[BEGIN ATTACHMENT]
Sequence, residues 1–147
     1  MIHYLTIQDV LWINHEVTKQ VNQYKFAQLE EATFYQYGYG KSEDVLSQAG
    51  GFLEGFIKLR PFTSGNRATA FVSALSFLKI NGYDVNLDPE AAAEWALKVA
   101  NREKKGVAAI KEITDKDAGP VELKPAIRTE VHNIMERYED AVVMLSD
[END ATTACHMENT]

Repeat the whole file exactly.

Sequence, residues 1–147
     1  MIHYLTIQDV LWINHEVTKQ VNQYKFAQLE EATFYQYGYG KSEDVLSQAG
    51  GFLEGFIKLR PFTSGNRATA FVSALSFLKI NGYDVNLDPE AAAEWALKVA
   101  NREKKGVAAI KEITDKDAGP VELKPAIRTE VHNIMERYED AVVMLSD